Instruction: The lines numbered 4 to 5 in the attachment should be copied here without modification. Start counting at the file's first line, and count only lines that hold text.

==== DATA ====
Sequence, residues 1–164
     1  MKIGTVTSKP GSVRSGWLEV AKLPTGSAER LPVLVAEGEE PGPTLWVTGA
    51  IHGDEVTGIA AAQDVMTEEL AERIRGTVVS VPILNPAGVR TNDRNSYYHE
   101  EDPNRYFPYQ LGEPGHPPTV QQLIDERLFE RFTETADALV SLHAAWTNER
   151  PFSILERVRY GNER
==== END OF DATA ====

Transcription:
   101  EDPNRYFPYQ LGEPGHPPTV QQLIDERLFE RFTETADALV SLHAAWTNER
   151  PFSILERVRY GNER